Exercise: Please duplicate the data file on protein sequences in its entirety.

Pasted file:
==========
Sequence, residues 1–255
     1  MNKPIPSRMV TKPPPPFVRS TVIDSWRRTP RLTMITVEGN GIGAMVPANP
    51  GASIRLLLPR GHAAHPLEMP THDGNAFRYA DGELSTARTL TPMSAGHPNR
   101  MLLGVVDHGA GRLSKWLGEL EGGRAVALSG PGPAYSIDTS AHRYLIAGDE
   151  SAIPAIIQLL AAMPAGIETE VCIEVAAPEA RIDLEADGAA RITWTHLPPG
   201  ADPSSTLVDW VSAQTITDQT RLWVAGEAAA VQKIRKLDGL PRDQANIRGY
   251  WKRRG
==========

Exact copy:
Sequence, residues 1–255
     1  MNKPIPSRMV TKPPPPFVRS TVIDSWRRTP RLTMITVEGN GIGAMVPANP
    51  GASIRLLLPR GHAAHPLEMP THDGNAFRYA DGELSTARTL TPMSAGHPNR
   101  MLLGVVDHGA GRLSKWLGEL EGGRAVALSG PGPAYSIDTS AHRYLIAGDE
   151  SAIPAIIQLL AAMPAGIETE VCIEVAAPEA RIDLEADGAA RITWTHLPPG
   201  ADPSSTLVDW VSAQTITDQT RLWVAGEAAA VQKIRKLDGL PRDQANIRGY
   251  WKRRG